Every college football team’s record for the past five years, including a couple splits. Only two teams have a better record away from home than at their home stadium: Notre Dame (barely-56% v 57%) and, surprisingly enough, Georgia (78% v 86%). Boise has the 3rd most wins, but a losing record (4-5) against teams that finished in the AP Poll Top 25.
Year of Sports Death Update: The latest entry is of course, Peter King’s column today, but I’m catching up on links here so you get older ones. See, for instance, this post on the NFLPA using its political connections. I wonder about De Smith’s election as head of the NFLPA-he apparently sounded impressive, but I’m curious how much his connections to Obama and AG Holder played a role. The players can’t fight the owners-they control the stadiums and have a wide net of broadcast contracts, so they’re in a good position, so they have to fight on other grounds. Thus, political lobbying. See also this Biz of Football article on the same lines.
Charts that look ominous and meaningful but aren’t really: breakdown in bowl money between BCS and non-BCS teams. BCS teams are more popular than non-BCS teams. BCS teams are generally better than non-BCS teams, and go to bowls more often. Plus, the best teams tend to be BCS teams, for a number of reasons. More bowls means more BCS teams in bowls. The Bowl Alliance is an important part, too-increasing returns to excellence reward BCS teams. Really, this chart doesn’t mean very much.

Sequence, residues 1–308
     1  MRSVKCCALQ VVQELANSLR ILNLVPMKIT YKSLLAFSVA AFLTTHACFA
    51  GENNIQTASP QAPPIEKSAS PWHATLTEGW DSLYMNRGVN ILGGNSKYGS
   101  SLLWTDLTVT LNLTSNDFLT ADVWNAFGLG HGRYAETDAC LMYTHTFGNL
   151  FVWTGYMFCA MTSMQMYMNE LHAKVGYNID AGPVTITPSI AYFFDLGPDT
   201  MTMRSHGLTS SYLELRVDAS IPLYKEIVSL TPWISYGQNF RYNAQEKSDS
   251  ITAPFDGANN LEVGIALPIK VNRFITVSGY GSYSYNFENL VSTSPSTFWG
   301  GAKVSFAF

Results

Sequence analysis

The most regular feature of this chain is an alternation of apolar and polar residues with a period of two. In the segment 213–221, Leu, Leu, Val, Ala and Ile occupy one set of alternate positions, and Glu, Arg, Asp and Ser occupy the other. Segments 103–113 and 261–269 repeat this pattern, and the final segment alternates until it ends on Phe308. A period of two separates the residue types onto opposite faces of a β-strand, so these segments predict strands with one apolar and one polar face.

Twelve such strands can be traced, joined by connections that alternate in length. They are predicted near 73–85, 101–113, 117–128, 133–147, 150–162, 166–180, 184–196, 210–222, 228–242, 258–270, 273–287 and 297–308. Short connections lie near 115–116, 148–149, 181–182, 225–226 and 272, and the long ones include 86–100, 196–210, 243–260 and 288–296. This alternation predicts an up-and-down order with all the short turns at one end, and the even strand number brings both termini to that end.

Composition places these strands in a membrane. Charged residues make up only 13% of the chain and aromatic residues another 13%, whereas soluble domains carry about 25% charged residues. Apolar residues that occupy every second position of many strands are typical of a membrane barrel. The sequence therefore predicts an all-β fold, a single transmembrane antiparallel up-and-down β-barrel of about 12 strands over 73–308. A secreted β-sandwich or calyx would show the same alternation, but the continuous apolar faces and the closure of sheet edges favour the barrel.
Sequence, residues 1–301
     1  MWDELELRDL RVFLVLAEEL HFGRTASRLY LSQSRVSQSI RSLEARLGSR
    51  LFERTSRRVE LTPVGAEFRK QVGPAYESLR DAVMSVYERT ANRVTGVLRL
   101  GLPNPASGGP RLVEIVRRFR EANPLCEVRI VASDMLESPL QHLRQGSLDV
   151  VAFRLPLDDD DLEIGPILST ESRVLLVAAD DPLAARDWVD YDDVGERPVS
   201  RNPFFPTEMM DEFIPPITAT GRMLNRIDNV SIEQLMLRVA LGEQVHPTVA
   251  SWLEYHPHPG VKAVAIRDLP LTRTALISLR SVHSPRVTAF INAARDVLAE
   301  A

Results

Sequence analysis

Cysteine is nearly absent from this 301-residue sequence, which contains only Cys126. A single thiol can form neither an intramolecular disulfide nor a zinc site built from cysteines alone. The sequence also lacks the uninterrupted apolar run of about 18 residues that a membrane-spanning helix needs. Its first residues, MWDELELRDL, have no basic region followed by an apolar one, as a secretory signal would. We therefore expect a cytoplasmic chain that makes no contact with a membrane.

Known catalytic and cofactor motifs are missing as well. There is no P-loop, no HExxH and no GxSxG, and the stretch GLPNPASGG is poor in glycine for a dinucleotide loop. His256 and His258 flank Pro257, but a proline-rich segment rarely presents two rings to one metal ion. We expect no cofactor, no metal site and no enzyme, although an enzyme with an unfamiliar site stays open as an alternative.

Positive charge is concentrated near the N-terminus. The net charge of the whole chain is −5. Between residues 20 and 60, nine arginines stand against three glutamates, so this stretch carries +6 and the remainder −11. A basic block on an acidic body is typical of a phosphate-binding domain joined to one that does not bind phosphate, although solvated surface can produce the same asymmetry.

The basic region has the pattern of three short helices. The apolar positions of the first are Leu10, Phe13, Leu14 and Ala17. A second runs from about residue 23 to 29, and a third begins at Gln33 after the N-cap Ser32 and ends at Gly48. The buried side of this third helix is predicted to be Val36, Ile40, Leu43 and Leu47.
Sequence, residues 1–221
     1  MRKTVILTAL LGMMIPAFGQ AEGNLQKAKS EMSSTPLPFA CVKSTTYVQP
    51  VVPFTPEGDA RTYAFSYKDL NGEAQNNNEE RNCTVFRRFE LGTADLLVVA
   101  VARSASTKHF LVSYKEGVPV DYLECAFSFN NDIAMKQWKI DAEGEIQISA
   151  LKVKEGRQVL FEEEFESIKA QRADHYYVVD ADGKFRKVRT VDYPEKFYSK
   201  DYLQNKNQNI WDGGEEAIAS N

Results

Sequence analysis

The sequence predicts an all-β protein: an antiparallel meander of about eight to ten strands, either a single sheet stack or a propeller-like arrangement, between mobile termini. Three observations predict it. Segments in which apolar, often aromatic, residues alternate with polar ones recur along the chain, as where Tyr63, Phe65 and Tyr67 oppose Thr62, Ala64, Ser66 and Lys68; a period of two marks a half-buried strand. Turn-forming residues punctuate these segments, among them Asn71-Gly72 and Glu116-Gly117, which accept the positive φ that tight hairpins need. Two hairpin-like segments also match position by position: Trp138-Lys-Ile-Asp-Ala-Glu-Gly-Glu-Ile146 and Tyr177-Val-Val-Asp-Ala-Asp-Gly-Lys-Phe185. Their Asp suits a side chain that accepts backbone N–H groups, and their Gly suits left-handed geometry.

Oh, always fun… no matter how not hugely distinguished a player may be, there’s somebody who makes an argument he belongs in the Hall of Fame. In this case, it’s former Cleveland Browns wideout Gary Collins. He’s probably the only guy ever to lead the league in both punting average and TD receptions. For a recent comp, using PFR’s database, think Derrick Alexander, or maybe a less good version of Ed McCaffrey. But, you know, he made two Pro Bowls, so he’s obviously a great player.
Fun stuff from PFR: the best players since 1950 by uniform number. Given my lack of regard for Aaron Brooks, it’s dispiriting to see him as the best guy to wear #2.
PFR’s Jason Lisk also continues his series on the AFL v the NFL with a look at the 1964-66 drafts. The NFL had started treating the AFL like a real competitor, and bringing its resources to bear, and it really shows out here.
Smart Football’s proprietor, Chris Brown, has been contributing content to Dr. Saturday’s blog. See, for instance, his piece on Virginia Tech’s defense or Louisville’s offense. He’s more optimistic than I am about the Cardinals’ fate-frankly, were I Louisville’s AD, I would have fired Kragthorpe after his first year, or at least demanded he figured out what the heck he was doing, a process that apparently only happened this offseason, and that at the cost of alienating some of the faithful.
Finally, I leave you with the weirdest thing I’ve linked to lately:
We find a significantly positive, non-spurious, and robust correlation between the Redskins’ winning percentage and the amount of federal government bureaucratic activity as measured by the number of pages in the Federal Register.
As Prof. Ribstein, from whom the link, said, “Whether this is a comment on football, politics or economists I leave to readers to discern,” though of course my mantra here remains There’s No Politics In Football.
UPDATE (8/7/09 1725 CT): Coincidence or conspiracy? This morning’s Reading the coverage by ESPN AFC South blogger Paul Kuharsky linked to the PFR piece on uniform numbers linked above. If you gakked it from here, Paul, thanks for reading and yes, I am the Tom in Chicagoland who showed up thrice in this week’s chat.